But perhaps most importantly: after watching Stranger Things – and really liking it, for the most part – I’ve finally had a nostalgia overload. I need something new. And if I can’t get it from the media around me, then I guess it’s gotta come from me directly. For the good of the world, goddammit. I’m sick of how obsessed people of my generation still seem to be with Harry Potter, not because Harry Potter doesn’t deserve to be remembered fondly, but because we need to believe that, amazing and formative of an emotional experience as it was, we can actually do better. We can make something new that is also good. We have to try. Everything good nowadays seems to be retro; everything that people are praising – and more importantly, making and marketing – reminds them of a simpler time. Stranger Things, Uptown Funk, every indie game made in the past 5 years … and obviously this reflects the things that I’m not aware of in the world as much as the things that I am aware of, but the fact remains that, in my personal experience, I’m getting nostalgic for the days when producing a perfectly authentic nostalgic experience was not the greatest achievement a creative person could attain, nor the best that people looking for creative works to enjoy could hope for.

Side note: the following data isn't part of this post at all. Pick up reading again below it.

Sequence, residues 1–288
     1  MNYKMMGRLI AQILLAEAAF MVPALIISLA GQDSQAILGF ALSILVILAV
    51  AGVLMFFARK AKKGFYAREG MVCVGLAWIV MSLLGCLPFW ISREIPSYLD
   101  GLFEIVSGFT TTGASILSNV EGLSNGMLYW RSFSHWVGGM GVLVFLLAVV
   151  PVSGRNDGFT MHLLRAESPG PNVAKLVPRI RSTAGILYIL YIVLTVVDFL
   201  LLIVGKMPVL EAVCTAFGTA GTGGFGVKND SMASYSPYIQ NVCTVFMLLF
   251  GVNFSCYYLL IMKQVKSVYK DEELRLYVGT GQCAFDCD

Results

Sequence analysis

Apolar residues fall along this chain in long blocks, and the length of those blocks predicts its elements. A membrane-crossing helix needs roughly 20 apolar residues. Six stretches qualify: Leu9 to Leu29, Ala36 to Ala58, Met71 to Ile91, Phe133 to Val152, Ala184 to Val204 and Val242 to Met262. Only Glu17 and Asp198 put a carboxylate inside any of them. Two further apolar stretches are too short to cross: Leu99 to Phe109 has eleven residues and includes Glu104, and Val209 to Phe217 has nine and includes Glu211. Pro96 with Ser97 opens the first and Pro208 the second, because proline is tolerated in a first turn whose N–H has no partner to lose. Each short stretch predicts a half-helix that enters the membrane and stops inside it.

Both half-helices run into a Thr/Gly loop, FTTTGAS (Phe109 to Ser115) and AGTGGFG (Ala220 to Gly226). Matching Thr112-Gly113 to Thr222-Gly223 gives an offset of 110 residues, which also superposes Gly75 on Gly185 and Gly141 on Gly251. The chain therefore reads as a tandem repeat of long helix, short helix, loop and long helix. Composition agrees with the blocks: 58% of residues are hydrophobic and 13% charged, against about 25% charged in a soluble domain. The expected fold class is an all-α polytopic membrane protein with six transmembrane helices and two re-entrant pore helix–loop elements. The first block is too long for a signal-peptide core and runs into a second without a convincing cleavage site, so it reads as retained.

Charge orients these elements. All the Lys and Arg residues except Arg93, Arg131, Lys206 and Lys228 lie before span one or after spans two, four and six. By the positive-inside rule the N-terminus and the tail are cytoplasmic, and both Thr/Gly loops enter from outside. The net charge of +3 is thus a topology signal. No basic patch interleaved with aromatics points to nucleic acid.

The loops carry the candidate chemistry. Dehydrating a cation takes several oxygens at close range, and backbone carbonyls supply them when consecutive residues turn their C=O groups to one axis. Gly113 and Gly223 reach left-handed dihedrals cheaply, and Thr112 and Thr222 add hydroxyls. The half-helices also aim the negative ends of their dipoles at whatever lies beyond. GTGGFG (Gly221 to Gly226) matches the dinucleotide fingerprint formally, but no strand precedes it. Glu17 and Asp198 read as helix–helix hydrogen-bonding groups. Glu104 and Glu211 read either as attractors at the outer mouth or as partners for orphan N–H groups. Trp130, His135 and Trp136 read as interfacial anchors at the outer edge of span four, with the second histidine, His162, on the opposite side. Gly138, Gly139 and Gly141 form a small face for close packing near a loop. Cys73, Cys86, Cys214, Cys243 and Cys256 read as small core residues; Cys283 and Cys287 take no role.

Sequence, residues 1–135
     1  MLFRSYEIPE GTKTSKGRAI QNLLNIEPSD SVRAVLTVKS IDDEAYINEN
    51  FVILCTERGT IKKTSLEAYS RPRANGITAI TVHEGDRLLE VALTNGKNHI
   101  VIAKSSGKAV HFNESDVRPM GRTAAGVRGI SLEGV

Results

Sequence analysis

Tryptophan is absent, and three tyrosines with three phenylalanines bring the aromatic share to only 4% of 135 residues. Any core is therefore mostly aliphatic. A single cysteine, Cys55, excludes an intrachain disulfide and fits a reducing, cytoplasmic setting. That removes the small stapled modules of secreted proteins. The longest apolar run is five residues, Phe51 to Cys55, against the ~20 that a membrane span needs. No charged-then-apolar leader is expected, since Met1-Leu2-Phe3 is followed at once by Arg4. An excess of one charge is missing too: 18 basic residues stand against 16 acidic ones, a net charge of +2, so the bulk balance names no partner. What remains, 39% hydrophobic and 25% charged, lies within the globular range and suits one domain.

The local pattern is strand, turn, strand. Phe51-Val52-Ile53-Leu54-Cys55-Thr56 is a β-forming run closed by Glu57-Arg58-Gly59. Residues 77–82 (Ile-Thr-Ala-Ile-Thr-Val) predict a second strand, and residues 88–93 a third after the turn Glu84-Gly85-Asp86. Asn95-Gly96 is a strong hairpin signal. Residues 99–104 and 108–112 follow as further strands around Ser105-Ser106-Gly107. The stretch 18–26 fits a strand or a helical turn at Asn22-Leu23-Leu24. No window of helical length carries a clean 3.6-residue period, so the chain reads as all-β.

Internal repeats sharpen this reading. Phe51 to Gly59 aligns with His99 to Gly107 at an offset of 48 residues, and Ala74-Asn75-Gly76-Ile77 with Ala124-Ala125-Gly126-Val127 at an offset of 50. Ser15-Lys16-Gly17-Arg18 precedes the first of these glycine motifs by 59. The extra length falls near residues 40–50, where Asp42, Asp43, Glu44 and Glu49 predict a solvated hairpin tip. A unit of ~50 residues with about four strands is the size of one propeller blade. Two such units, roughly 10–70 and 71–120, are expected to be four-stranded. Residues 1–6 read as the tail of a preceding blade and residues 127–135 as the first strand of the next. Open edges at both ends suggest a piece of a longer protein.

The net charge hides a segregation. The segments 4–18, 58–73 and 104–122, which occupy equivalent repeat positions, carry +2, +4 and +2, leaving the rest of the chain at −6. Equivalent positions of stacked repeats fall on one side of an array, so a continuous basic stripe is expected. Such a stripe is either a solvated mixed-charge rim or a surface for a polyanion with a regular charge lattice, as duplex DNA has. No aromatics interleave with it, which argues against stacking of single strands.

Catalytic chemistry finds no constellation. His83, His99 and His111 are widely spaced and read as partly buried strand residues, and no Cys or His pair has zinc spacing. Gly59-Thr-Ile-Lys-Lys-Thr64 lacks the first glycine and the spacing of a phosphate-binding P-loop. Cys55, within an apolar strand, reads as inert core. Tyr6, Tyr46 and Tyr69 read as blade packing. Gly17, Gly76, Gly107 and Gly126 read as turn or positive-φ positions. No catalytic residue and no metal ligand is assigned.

And I’m starting to also recognise that a lot of what I’ve tried to do in terms of getting myself to write more frequently has also been an act of nostalgia. “Back when I first started writing, things were so much easier and I was so much more passionate”, blah blah blah. What worked about what I did “back in the day” was that everything was new, and I didn’t have eleven thousand unfinished projects to feel guilty about never finishing as an excuse to not write, or do anything else for that matter. What worked about what I did “back in the day” was that there was no “back in the day” to compare my current progress to. I just kept going forward, because everything was new.